Hypothermia Can Still Be a Problem in Florida

hypothermia

Hypothermia isn’t just a concern for those living in cold-weather states. It can also be a serious problem for Floridians, especially if you spend time on the water. And you might be surprised to know that a person can develop hypothermia in water that is well above freezing.

What Is Hypothermia?

Hypothermia is a life-threatening condition where your body loses heat faster than it can produce it and your internal temperature falls below 95 degrees F. According to the South Florida Sun-Sentinel, the most common way that people in Florida develop hypothermia is by falling off a boat into water that is cooler than their body temperature and remaining there for an extended period of time.

How long can the average person survive after they’ve fallen overboard depends on a number of factors. For example, a person in 70 degrees F water could possibly survive for 18 hours if they have a personal floatation device (PFD) and they don’t expend energy trying to swim. Their survival time falls to 10 hours if they try to swim. In addition, a person who isn’t wearing a PFD may lose consciousness and drown.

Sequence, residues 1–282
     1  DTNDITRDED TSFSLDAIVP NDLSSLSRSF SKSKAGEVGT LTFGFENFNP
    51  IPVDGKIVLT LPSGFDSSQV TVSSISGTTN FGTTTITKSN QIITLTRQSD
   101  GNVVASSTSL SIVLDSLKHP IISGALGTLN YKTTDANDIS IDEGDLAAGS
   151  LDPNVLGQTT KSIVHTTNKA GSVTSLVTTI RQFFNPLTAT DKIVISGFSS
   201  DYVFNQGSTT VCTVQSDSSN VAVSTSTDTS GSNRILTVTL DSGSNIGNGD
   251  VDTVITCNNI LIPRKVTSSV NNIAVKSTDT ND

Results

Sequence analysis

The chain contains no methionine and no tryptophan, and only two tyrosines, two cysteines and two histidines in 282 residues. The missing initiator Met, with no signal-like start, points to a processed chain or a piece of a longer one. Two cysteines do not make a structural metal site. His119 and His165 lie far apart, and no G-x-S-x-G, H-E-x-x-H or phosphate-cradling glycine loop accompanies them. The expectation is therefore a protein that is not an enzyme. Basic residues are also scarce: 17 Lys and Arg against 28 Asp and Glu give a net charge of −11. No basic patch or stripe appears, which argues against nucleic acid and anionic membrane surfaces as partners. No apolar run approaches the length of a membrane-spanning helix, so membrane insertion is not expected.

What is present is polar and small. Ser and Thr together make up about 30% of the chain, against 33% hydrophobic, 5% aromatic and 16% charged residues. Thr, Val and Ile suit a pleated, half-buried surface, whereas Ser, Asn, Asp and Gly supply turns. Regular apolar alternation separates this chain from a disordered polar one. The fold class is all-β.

Treatment for Hypothermia

If you suspect a person has hypothermia, you need to:

  • Call 911
  • Get the person to a warm room as soon as possible and cover them with blankets. If you cannot get the person inside, try to insulate them from the elements by shielding them with blankets
  • Make sure to cover the person’s head, which is where the most heat is lost from a person’s body
  • If the person’s clothes are wet, replace them with dry items

Once a patient with hypothermia has recovered sufficiently to be sent home, they may require medical supplies in Boca Raton, such as compresses. Please visit Mar-J Medical Supply’s website where you can find excellent prices on the products you need.

Leave a reply

You may use these HTML tags and attributes: <a href="" title=""> <abbr title=""> <acronym title=""> <b> <blockquote cite=""> <cite> <code> <del datetime=""> <em> <i> <q cite=""> <s> <strike> <strong>